Ask The General: How Do You Prime the Pool Pump?
Everyone keeps telling me I have to prime the pump for my fiberglass pool. That’s all well and good. My question to you is, how in the heck am I supposed to do it? And how do I know when it’s done?
Signed– In a Perplexed Pool Pump Priming Pickle in Peru.
No need to be in a pool priming pickle. Honestly, I get this question all the time. You’re not alone. Let’s break this down together.
First of all… Let’s take a look at how water circulation systems work.
The key, believe it or not, is atmospheric pressure. There are approximately 14 pounds of air pushing down on all of us all the time. That means there’s the same amount of pressure pushing down on the surface of your fiberglass pool water. Your pool pump has a something called an “impeller” that creates a low pressure area by spinning. It pulls water into it, and pumps it back into the pool.
A “closed system” means NO AIR
Here’s the secret that explains it all. Your pool needs to be a CLOSED system to operate. Your pump, all your piping and everything that’s involved with the transferring of water from the pool into the pump, to the filter and back into the pool has to be full of water with NO AIR. A closed system is one that has NO AIR in it. All you have to do is stop and think “Where can air be introduced into the system?” (Did I mention NO AIR?)
Pool Pump Priming Checklist
Once we’re sure we have a closed system, check the following things:
- Check your water level. If there’s air coming through the skimmers (Remember NO AIR?) it will make you lose prime, so you need to ensure you have proper water levels. Normally, the ideal water level is about halfway up the middle of your fiberglass pool’s skimmer or a little higher.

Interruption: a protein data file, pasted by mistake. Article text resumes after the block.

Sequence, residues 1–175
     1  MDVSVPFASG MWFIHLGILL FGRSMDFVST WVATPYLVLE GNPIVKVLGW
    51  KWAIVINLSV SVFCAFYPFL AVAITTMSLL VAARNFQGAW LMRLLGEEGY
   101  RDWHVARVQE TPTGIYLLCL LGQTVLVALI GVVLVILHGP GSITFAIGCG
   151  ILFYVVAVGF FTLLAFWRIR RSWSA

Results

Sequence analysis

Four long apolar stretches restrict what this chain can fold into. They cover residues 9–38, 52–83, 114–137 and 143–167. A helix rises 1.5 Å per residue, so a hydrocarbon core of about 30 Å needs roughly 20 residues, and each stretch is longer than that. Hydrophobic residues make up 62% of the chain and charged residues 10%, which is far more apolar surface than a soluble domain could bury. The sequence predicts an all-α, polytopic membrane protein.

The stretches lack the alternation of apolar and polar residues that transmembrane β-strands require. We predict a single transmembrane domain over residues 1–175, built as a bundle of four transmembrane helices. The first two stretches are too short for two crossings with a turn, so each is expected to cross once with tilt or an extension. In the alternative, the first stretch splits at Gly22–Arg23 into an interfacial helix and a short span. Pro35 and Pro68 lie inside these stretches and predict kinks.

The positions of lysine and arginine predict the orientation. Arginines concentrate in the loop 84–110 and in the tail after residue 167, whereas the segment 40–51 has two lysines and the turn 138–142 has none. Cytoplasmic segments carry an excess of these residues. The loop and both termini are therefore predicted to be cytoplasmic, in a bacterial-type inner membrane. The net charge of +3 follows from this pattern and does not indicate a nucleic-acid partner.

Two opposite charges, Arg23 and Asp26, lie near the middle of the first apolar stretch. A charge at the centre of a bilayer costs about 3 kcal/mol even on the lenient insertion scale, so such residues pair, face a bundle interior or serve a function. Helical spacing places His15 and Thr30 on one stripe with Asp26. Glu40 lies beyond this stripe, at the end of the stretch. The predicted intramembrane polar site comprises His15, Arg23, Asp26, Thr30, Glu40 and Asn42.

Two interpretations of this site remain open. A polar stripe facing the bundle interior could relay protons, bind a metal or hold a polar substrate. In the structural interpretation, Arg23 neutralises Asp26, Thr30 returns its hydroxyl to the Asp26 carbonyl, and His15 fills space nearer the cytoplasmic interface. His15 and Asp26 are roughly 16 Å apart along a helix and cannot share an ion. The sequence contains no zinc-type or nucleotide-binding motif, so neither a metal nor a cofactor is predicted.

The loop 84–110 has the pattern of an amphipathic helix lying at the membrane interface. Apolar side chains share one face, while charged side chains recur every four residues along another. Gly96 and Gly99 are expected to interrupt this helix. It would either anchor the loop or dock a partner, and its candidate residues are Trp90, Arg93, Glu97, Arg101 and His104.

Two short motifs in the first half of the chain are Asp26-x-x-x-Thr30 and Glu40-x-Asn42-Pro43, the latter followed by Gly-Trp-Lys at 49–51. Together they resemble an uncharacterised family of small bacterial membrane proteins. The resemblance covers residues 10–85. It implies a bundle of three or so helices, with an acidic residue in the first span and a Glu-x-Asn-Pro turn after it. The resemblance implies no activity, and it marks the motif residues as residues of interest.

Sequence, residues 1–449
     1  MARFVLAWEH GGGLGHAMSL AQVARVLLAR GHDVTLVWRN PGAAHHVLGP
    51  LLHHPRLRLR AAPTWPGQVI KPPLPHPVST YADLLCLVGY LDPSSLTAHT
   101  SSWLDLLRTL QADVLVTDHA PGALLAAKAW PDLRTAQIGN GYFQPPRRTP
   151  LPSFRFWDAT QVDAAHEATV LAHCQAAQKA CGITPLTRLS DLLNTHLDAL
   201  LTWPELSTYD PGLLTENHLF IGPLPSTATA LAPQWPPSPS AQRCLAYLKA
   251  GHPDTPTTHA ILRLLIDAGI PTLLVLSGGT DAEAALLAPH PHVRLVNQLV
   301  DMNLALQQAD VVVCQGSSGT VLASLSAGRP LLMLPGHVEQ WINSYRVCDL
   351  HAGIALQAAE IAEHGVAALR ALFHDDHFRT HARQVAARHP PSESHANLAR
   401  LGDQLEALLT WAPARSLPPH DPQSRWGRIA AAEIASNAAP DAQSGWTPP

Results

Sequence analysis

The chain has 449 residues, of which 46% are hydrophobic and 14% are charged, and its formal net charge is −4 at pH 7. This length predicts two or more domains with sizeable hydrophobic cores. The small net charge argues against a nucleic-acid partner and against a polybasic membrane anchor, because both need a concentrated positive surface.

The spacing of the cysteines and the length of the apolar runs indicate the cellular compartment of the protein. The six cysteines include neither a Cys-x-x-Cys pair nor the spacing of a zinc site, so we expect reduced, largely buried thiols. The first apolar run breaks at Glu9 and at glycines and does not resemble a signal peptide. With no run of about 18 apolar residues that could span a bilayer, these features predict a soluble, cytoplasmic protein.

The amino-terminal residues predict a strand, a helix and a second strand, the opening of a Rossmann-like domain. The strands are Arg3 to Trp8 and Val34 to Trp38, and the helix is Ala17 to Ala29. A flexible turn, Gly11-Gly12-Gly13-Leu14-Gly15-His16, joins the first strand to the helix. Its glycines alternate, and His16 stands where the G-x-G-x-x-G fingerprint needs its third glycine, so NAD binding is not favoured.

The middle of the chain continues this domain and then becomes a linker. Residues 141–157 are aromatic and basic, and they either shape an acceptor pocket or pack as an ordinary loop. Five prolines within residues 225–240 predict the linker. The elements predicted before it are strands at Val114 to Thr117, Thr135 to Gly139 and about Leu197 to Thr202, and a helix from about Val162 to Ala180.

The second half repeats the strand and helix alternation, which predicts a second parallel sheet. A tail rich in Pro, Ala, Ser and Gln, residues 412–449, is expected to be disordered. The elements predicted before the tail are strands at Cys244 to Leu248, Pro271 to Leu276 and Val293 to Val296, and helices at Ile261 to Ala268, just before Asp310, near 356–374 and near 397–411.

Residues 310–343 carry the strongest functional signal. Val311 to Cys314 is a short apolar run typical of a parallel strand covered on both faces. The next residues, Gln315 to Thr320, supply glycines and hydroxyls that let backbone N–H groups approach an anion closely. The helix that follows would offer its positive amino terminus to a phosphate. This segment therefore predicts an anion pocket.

- Check the skimmer’s “weir door”. The weir door is the little flapper in the mouth of the skimmer. If you see a clogged, full skimmer basket, clean it out.
- Clear debris from main drain and check the piping at the equipment area. Make sure there is nothing that can allow air in, even things like the cap on the pipe used for winterization. It may need to be re-Teflon taped. Unions and ball valves may also need to be tightened.
- Check the pump itself. Make sure pump is turned off, then take the lid off the pump basket, clean the pump basket and return it to the pump. Fill the basket with water and securely close the lid on the pump. Open the ball valves in front of the pump. (Before turning the pump on, I normally check the rest of the system to make sure the water can run through it.)
- Check the valves. Make sure the valves are in the positions recommended by the manufacturer (usually instructions are on the filter.) Some filters (such as cartridge filters) don’t have veriflow valves, but they all have starting instructions. If you can’t find the instructions, look online.
Once you’ve made sure everything is tightened, the return eyeballs (inlets) can allow water into your fiberglass pool, the drain plugs are secure, and the pump basket has been filled, it’s show time. Flip the pump switch. Did it start? If no, don’t despair, and don’t say bad words. It’s going to be okay.
Try this little trick:
Turn the switch off and check the GFI breaker in the electrical panel that controls the pump. Is it tripped? Flip the switch again. Are you in business now? Hallelujah!
Time to enjoy!
Now follow the manufacturer’s directions to put the system in “filter” mode. You will see the filter gauge rise to normal pressure. Water will be flowing into the pool, water will be spinning over the weir door into a full skimmer, no air will be coming out of the inlets, the pump basket will be clear of air, and you will have successfully primed the pool pump.
Now it’s time to grab a float and your beverage of choice and enjoy the pool.
Until next time…
Who is The General?
The man, the myth, the legend….we just call him The General. His organized, systematic approach to pool installations over the years had his crew members calling him “The General” and it stuck. The General has over 30 years’ experience in the pool and spa industry, working for one of Pool and Spa News’ “Top 50 Pool Builders.”
Over that time, he designed, sold, project-managed and installed over a thousand inground swimming pools. As a pool owner himself, he’s the perfect authority to give you the inside scoop, with amazing tips and tricks to make pool ownership a breeze!